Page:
My previous benchmarks were made using the original recipe ogr.py module from GDAL 1.3.2. I saw some numbers that compelled me to try to new Python bindings from GDAL 1.4.3. Here are the new results (same benchmark code) on that same machine:
sean@lenny:~/Projects$ python ogre_benchmark.py Refinery (with ctypes) 4994133.40 usec/pass Ogre (Cython/Pyrex) 593522.91 usec/pass ogr.py (next generation bindings) 594103.50 usec/pass
Howard Butler's new bindings for 1.4.3 are about 15 times faster at this task than the old bindings for 1.3.2. I had no idea that performance was so improved. That's great news for people who want to keep using programs based on ogr.py. You'll notice that Ogre itself is 15% faster today thanks to conversion of some Python statements to C. I feel like I'm starting to know my way around Pyrex and Cython and can squeeze out some higher performance yet.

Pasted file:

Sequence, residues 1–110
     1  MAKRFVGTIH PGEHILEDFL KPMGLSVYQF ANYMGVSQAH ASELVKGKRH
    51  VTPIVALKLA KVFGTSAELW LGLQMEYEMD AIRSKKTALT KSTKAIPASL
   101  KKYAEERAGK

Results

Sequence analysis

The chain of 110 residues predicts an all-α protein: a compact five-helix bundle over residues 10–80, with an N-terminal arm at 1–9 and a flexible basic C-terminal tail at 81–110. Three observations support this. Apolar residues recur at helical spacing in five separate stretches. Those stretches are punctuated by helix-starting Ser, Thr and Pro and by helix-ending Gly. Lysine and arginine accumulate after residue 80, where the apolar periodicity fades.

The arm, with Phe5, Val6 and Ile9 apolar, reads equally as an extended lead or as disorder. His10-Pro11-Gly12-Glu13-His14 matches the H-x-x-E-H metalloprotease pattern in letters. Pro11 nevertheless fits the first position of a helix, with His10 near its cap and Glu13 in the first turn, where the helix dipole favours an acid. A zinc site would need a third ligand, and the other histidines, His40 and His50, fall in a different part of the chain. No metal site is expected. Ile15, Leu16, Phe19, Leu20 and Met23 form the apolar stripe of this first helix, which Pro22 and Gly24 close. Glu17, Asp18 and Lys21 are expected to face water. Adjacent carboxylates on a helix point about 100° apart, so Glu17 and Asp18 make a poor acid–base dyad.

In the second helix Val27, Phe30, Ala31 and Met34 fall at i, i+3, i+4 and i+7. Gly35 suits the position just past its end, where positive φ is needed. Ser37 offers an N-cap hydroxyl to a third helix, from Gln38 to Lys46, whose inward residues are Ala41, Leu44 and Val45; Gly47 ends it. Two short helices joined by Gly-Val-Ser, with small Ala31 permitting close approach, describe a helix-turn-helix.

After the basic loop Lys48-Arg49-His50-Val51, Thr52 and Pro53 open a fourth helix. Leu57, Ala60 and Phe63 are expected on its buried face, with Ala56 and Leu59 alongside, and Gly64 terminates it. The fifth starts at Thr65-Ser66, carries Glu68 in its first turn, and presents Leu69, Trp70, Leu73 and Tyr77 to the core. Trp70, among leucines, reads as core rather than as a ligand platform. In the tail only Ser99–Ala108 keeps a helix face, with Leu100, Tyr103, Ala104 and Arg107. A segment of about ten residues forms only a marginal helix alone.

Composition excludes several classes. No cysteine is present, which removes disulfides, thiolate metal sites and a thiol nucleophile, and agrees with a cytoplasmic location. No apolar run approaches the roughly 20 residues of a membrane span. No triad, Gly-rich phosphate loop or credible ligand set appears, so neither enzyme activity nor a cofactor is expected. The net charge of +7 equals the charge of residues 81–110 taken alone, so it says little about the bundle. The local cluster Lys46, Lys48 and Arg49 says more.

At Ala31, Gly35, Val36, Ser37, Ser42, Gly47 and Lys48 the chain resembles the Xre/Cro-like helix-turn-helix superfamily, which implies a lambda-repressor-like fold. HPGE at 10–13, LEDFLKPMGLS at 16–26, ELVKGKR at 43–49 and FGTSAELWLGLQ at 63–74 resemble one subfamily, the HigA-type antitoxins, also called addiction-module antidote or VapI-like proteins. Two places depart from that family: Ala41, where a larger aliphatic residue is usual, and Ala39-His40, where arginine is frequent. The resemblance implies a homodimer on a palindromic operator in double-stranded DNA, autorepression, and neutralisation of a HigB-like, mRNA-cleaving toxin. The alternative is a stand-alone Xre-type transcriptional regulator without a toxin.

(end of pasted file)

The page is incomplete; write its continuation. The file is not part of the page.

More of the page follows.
Ogre is as quick as the latest and greatest ogr.py, and does more work at the same price. For each collection iteration, Ogre is marshaling the OGR layer definitions into a collection schema, and marshals every OGR feature into a GeoJSON-like data structure using the collection object hook. Even with that overhead, Ogre is as fast as ogr.py. Remove the extras and it compares to ogr.py like this:
sean@lenny:~/Projects$ python ogre_benchmark.py Ogre (no auto schema, no object hook) 443894.31 usec/pass ogr.py (next generation bindings) 588154.32 usec/pass
That's 25% faster. Not bad at all, considering that better performance was never my motivation.